Shook, shaken and stirred, Samuel Bailey’s play shatters illusions that prison inmates are solely responsible for winding up as jail bait. Showcasing the lives of three young men serving time, we witness deeply rooted trauma, and the legacy plaguing the lives of children exposed to abusive childhoods: neglect, abandonment, cruelty and demonised by society. No wonder these characters are yo–yoing in and out of prison, writes Carolyn Hart Taylor.
Heavy as that sounds, Shook leaves audiences doubled up with laughter. Comedy is pivotal, both to the play’s appeal and its success. Laughter and jail may seem unlikely comrades, but humour is their Swiss Army Knife, a legal weapon of the tongue that Cain(Josh Finan), and Riyad(Ivan Oyik), skilfully use to stand their ground, to challenge the pecking order and to shield them from their outside tragedy. Humour is a welcome visitor when they have next to none in reality.
Like caged tigers prowling a pit they spit caustic comments to and fro. Raw, uncensored jibes connect them – Riyad telling Cain “Don’t test me, blud” – is part warning, part clanship. In jail, street talk is their survival code.
Heightened tension is contrasted with moments of pure fragility. Cain offering the new inmate Jonjo (Josef Davies) a sweet, and later Riyad and Cain eating lollies and haggling over Black Jacks, allows audiences behind the veneer and a glimpse at how vulnerable these lads are when robbed of their own youth.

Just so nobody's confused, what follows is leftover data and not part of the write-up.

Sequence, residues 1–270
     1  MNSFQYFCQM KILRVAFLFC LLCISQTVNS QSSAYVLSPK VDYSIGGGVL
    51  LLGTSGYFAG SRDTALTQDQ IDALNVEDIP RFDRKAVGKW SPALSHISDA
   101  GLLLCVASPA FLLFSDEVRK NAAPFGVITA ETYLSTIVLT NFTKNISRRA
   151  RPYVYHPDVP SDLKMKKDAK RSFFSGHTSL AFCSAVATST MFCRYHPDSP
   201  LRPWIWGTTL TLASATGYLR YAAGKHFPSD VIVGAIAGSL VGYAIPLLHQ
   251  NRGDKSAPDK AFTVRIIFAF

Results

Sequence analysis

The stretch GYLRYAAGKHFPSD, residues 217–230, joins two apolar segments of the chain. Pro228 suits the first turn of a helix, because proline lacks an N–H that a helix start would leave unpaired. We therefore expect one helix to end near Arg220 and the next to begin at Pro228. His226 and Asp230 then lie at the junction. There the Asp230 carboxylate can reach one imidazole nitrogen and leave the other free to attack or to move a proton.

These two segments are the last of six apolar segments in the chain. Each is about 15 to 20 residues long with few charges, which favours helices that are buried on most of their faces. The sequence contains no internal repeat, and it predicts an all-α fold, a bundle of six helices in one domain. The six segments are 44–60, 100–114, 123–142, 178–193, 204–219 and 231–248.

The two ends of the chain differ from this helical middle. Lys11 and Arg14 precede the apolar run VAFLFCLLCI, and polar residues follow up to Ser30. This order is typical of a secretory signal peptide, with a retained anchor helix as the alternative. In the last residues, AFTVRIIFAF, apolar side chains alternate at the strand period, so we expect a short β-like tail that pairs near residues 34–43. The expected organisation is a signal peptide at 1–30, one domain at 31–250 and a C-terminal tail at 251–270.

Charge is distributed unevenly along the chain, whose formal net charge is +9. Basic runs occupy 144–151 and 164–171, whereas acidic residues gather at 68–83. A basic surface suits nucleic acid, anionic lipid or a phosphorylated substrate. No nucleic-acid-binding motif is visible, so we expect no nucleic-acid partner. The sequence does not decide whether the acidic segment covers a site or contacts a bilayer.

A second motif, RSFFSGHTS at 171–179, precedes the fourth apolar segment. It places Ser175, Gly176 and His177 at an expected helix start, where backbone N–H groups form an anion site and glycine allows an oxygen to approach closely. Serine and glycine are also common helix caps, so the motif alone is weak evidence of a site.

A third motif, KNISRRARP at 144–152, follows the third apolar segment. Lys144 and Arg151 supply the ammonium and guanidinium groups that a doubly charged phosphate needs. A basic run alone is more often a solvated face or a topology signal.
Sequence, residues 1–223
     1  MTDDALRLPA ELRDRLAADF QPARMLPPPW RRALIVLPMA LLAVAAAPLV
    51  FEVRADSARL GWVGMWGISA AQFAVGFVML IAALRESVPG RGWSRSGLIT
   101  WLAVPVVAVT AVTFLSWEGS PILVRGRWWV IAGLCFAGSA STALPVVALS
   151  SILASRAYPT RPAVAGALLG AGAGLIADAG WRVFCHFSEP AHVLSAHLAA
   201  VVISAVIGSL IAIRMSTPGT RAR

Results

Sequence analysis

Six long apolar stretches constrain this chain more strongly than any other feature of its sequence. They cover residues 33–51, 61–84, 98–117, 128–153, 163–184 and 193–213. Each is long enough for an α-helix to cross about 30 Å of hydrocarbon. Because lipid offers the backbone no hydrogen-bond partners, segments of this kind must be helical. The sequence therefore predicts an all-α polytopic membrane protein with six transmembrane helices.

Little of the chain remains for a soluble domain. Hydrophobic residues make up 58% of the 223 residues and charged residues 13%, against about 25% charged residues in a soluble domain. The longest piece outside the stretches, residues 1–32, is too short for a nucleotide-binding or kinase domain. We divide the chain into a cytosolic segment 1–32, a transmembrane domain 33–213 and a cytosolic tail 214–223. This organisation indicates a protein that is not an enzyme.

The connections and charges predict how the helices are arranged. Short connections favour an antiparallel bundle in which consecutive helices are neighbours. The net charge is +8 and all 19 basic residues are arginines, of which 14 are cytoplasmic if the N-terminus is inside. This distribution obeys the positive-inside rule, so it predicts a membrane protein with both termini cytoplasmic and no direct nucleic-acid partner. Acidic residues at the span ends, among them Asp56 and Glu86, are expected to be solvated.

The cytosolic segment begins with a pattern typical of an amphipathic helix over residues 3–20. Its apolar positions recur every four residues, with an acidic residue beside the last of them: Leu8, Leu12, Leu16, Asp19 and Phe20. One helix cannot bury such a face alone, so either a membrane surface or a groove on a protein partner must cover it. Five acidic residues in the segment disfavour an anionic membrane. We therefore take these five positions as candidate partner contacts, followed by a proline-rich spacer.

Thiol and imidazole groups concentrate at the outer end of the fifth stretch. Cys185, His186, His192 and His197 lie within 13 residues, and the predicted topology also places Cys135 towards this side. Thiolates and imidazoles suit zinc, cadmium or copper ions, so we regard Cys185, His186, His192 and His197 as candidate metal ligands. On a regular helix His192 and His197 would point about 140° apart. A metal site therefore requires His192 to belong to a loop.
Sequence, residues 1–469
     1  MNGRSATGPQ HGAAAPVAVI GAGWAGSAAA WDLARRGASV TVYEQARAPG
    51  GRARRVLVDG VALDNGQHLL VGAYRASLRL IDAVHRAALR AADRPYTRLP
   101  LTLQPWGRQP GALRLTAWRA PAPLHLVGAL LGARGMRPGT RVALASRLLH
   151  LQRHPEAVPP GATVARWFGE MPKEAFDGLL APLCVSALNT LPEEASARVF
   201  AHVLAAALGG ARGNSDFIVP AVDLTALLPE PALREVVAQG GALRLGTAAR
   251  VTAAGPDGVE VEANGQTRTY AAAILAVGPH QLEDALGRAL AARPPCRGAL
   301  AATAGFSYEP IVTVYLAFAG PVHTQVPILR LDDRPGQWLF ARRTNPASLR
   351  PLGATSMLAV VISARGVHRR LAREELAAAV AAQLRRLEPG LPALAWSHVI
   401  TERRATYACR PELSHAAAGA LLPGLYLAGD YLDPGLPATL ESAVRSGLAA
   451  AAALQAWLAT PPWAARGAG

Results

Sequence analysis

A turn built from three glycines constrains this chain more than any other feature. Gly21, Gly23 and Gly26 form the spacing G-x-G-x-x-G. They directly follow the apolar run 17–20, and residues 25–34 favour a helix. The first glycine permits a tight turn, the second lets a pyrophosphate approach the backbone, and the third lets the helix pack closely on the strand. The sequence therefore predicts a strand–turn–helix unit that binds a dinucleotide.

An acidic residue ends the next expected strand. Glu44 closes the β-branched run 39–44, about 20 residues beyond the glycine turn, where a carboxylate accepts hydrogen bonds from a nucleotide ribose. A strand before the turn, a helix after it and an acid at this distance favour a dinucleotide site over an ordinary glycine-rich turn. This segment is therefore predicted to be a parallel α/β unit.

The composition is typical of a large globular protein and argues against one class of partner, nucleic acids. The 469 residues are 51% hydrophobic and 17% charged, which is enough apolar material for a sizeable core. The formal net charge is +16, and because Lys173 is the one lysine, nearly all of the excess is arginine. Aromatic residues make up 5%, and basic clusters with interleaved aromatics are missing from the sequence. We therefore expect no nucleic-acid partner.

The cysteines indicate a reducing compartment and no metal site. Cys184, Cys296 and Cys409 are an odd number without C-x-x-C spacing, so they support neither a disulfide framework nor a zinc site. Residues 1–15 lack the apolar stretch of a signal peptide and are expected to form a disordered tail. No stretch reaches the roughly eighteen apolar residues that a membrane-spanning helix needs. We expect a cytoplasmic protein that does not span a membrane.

Josh Finan is mesmerising, a human thunderbolt literally bouncing off the dingy prison walls. Space being limited, his unrelenting energy reaches such spellbinding heights, it’s a wonder he doesn’t implode. Faced with the opportunity of release he prefers his cell, telling us prison is ‘like Butlins’.
Uniting these guys is the fact they are all about to become fathers, so hope arrives via Grace (Andrea Hall), a tutor instructing them on how to give emergency CPR to babies – straight in at the deep end! Grace believes in them more than they do themselves. Her energy spent convincing them of their talents is offset with the brutal environment.
An extraordinary play, skilfully presented, entertaining and well worth seeing.
Shook is on at Southwark Playhouse, 77-85 Newington Causeway, SE1 6BD
Until 23 November 2019. Times: 8pm. Matinees 3.30pm. Admission: £22, £18. Phone: 020 7407 0234
Photos: The Other Richard